Remarks

The study contains 74 pages and can be downloaded here (direct link to PDF).

About the authors:

Prof. Dr. Philipp Sandner is head of the Frankfurt School Blockchain Center (FSBC) at the Frankfurt School of Finance & Management. In 2018, he was ranked as one of the “Top 30” economists by the Frankfurter Allgemeine Zeitung (FAZ), a major newspaper in Germany. Further, he belongs to the “Top 40 under 40” — a ranking by the German business magazine Capital. The expertise of Prof. Sandner, in particular, includes blockchain technology, crypto assets, distributed ledger technology (DLT), Euro-on-Ledger, initial coin offerings (ICOs), security tokens (STOs), digital transformation and entrepreneurship. You can contact him via mail (email@philipp-sandner.de), via LinkedIn (https://www.linkedin.com/in/philippsandner/), or follow him on Twitter (@philippsandner).

About the Frankfurt School Blockchain Center:

The Frankfurt School Blockchain Center (FSBC) is a think tank and research center primarily focusing on the implications of blockchain technology for companies and businesses. In addition to the development of blockchain prototypes, the center offers a platform for the exchange of knowledge and thought for decision-makers and startups as well as technology and industry experts. The FSBC sets new research impulses and develops education programs for students and executives. The center concentrates primarily on the areas of banking, energy, mobility, and the manufacturing industry.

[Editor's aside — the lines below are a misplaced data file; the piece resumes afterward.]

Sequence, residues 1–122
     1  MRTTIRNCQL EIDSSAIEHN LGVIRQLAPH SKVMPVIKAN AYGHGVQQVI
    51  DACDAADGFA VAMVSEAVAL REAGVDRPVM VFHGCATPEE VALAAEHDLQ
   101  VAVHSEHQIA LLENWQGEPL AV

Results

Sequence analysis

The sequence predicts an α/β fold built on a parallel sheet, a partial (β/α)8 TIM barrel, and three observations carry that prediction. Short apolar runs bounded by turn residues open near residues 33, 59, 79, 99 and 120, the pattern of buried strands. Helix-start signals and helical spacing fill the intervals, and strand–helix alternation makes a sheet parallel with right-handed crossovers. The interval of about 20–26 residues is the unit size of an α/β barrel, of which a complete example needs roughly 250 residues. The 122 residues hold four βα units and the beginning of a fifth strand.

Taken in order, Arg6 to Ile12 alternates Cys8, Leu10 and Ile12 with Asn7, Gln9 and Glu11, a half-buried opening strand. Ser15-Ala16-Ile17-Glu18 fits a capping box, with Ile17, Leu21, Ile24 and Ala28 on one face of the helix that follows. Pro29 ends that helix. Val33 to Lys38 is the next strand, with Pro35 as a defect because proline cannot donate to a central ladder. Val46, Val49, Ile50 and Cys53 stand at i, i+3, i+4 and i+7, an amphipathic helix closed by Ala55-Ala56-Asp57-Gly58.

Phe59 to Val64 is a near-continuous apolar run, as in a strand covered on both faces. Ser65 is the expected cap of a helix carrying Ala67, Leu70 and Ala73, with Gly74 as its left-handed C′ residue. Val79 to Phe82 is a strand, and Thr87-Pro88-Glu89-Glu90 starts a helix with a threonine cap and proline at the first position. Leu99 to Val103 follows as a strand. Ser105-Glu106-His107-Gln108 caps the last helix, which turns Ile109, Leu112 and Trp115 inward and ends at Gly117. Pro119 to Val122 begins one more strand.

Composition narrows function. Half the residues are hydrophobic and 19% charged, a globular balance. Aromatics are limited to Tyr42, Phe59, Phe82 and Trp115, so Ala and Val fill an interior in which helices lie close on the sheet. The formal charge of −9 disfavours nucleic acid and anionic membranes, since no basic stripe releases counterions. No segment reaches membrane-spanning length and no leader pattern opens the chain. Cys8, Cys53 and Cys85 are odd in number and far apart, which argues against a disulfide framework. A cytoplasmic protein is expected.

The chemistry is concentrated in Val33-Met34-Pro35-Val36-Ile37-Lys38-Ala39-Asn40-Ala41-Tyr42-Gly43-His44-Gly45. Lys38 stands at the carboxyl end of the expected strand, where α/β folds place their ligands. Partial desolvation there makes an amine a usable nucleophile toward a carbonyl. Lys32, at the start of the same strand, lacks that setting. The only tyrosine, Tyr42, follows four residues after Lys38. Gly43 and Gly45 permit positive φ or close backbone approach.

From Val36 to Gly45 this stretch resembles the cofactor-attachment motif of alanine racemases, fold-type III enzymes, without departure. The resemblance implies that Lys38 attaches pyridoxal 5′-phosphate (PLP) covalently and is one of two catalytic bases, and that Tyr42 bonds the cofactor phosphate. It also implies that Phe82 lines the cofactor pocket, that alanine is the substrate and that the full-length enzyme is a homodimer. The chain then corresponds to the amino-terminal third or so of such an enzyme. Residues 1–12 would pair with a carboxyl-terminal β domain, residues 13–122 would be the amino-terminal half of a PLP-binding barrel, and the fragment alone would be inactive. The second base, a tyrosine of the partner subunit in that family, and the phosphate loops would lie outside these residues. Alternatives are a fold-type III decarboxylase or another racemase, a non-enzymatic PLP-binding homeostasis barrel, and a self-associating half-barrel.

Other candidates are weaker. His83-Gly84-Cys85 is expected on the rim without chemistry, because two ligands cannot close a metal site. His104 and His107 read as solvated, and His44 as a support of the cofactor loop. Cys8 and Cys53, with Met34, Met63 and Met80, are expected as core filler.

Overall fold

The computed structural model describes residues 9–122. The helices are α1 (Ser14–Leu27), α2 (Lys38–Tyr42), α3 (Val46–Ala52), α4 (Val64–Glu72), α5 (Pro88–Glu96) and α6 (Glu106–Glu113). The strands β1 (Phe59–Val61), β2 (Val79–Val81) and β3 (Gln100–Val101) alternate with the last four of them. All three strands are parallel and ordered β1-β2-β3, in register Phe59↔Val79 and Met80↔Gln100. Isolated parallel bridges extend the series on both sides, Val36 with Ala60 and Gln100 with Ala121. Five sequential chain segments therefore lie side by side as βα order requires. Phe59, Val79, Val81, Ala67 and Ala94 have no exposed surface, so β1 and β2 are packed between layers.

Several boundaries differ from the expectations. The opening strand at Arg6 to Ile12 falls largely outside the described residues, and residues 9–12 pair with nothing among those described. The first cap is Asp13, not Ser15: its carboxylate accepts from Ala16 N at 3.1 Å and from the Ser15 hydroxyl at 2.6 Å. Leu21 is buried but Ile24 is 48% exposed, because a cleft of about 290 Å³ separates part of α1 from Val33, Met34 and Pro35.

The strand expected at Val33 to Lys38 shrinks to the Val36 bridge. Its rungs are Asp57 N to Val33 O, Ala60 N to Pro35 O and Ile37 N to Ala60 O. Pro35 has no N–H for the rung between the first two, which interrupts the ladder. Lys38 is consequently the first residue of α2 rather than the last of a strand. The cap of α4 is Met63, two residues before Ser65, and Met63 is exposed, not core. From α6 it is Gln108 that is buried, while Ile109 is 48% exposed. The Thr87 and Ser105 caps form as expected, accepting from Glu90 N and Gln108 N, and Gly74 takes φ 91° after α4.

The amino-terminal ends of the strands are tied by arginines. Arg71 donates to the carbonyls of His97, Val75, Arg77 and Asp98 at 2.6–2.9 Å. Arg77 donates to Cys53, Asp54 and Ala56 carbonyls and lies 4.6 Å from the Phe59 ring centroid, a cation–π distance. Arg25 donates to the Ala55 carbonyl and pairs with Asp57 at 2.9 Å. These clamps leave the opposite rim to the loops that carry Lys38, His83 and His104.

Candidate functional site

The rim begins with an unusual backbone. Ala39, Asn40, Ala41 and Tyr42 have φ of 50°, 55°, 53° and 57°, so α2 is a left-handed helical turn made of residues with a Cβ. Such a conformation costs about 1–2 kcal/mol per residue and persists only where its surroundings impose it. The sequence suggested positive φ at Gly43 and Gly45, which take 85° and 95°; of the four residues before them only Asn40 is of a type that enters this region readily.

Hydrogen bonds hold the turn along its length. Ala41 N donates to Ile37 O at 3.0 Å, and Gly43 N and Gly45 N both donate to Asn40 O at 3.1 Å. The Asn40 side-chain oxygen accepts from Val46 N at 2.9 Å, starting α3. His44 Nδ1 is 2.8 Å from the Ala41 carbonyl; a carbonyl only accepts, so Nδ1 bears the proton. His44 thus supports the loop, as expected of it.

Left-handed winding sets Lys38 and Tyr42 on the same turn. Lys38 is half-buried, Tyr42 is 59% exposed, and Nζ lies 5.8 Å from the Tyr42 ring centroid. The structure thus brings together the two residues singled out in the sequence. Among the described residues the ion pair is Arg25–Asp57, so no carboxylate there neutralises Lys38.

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Jonas Gross

Jonas Gross

Jonas Gross is Chairman of the Digital Euro Association (DEA) and Head of Digital Assets and Currencies at etonec. Further, Jonas holds a PhD in Economics.